Jo has found another wig - one with real hair. I'm the cat that got the cream, As far as I'm concerned, Andrew is perfect now. Perfect. Reviewers may disagree, but all criticisms will now have to be screened by the wig.
            The wig is God.
            I = Wig.
            In fact, just chuck the wig and costume onstage and I'll do the lines in the wings.
            We had a well-deserved drink in the evening.
            I had a couple of rounds of toast when I got back to my digs.
            I'm so rock'n'roll.

            On Friday I woke late and took full advantage of our inclusive breakfast and had everything that I could cram onto a plate. 

When I collected all my things together from my room, to head in for the second day of tech, I heard a low moan coming from Ducky's bedroom. She was not well. A migraine that had plagued her from the previous day had not shifted and she felt even worse. After talking to Pete, she was told not to come in until 3:00pm, giving her time to hopefully recover a little. She did... A bit.

            We all plodded our way through the rest of the tech. The 'trucks' that are used and moved about the stage (to depict the different locations) were noticed as definitely being the most time-sapping obstacle, but - when combined by Will's projection sequences - are well worth the time spent.
            Pam spent the day tweaking and adjusting the various costumes. Most of mine is done now, all bar a little 'bringing in' of the suit that she says she'll be doing later in the evening.
            On Saturday Morning, the cast arrived in the green room with a collection of smiling faces ready for our movement session with Lucy Pankhurst. I had arrived a little later than everyone else and couldn't for the life of me work out why everyone was grinning so. Arthur broke the news, "Lucy is on time and ready to rehearse, but she happens to be in Eastbourne."
            Poor, poor, poor, poor, poor, poor Lucy. Darling, you were missed and we hope that you got your way back home ok.
            So, with Lucy unattainable, Alastair stepped in (...) to fill the gap and tweak the various movement pieces. The opening sequence, in which we all enter the stage and strip it of strewn suitcases and cloths, proved most taxing. It's unbelievable how maths dumbfounds actors. There were 18 cases, in the sequence, we took them all off, "OK, lets reset guys, everything back where you took it from." Only 15 cases returned.

            After the movement session, we broke for lunch. I volunteered my services to help re-mark the stage with Jess and Garreth, for the looming Dress Rehearsal. We were going to need all the help we could get and as Al put it, "Be realistic, set your hopes low - this is the first Dress and not only that, the first time that we've run the play through in its entirety."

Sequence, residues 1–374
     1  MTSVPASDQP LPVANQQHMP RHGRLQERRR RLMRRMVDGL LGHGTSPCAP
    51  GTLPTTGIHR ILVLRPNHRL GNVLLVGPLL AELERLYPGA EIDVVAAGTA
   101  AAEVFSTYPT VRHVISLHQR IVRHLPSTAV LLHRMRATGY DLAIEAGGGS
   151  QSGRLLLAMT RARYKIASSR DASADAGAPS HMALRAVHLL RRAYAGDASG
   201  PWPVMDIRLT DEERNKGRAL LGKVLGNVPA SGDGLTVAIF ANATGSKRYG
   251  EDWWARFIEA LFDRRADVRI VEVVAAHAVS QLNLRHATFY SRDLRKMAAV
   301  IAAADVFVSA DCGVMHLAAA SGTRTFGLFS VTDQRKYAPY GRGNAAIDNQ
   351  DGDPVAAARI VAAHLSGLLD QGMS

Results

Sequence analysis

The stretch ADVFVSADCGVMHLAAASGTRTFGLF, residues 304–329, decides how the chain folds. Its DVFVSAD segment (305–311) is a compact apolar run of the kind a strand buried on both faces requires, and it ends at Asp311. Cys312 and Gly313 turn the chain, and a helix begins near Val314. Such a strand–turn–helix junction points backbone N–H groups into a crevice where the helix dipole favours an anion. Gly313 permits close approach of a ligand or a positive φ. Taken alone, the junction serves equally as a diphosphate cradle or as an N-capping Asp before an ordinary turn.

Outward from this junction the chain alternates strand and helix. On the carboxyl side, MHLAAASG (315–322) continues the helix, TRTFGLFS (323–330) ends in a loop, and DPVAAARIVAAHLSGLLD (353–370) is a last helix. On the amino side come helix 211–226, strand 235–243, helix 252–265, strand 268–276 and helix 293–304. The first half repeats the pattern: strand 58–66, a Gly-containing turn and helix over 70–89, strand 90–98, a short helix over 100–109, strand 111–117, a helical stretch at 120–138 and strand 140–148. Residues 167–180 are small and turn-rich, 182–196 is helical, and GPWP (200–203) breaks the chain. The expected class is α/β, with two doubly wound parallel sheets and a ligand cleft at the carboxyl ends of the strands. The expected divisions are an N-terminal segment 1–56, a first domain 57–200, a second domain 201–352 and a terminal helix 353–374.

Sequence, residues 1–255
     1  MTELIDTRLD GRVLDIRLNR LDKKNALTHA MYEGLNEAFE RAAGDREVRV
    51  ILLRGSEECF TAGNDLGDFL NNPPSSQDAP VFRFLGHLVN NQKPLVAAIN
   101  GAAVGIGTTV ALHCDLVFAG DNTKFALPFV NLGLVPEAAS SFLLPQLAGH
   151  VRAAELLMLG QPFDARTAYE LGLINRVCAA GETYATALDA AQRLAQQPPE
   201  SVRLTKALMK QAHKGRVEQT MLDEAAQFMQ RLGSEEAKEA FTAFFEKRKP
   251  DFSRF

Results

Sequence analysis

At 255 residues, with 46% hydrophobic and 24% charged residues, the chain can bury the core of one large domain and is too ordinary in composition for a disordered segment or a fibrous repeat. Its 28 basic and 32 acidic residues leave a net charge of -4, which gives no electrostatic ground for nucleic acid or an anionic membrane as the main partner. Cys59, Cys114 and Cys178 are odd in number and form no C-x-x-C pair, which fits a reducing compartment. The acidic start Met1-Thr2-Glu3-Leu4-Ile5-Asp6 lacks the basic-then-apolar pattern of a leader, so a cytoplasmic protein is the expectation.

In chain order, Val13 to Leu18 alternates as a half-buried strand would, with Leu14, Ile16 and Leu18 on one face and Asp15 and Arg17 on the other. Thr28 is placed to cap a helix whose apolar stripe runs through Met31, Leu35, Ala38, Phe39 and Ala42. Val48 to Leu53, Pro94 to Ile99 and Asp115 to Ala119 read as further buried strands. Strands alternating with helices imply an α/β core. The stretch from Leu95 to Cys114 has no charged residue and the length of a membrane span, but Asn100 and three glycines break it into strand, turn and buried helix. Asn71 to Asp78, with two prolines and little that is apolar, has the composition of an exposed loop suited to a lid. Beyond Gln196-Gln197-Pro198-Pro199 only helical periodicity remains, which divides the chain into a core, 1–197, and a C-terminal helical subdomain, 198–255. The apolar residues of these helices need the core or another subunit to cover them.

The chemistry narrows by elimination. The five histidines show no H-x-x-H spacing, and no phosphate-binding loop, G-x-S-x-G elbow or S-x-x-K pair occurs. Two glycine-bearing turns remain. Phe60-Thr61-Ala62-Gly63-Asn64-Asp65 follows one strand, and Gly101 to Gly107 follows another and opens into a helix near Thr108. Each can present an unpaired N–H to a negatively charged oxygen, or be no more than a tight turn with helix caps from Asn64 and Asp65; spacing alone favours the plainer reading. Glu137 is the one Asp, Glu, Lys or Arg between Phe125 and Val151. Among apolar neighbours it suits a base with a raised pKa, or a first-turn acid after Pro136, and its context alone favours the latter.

So we did.
            We got into costume, preset our props and quick-change outfits and stood at the ready for the gun to fire.
            Well, things definitely did go wrong (particularly in the second half) and I cannot speak of our acting merits, but... We got through it!!!

            Not only did we get through it, but also we remembered nearly all of the changes that we'd done just the day before. Not only did we get through it, but each half ran at a staggeringly modest 1:10 minutes???!!! None of us could quite believe that.
            Moral levels were at a high and we broke for dinner.
            When we returned (still amazed by the success of the run) the evening dress rehearsal had been scrapped, in replace of a cue to cue of the second half, followed by a run of the second half of the show.

Pam and Alan our un-sung heros 
            The cue to cue was not fun. We seemed to forget all of the truck movements that we'd previously rehearsed and along with voices piling up on top of one another, things ground to a halt. Everyone (including and especially myself) got very tense, tetchy and above all, tired. It's been a long week and things certainly got on top of us.

            As we ran out of time, for a full run of the second half, we scaled down our ambitions to a run of Act 3 Scene 4 - the Fourth Act.
            By the end - and I think I can speak on behalf of everyone - we were fucking knackered.
            Those of us that weren't venturing home for the weekend decided to stay in the Atrium Bar until they kicked us out and gave ourselves a very big pat on the back after what has been a very big and very busy week.

No comments:

Post a Comment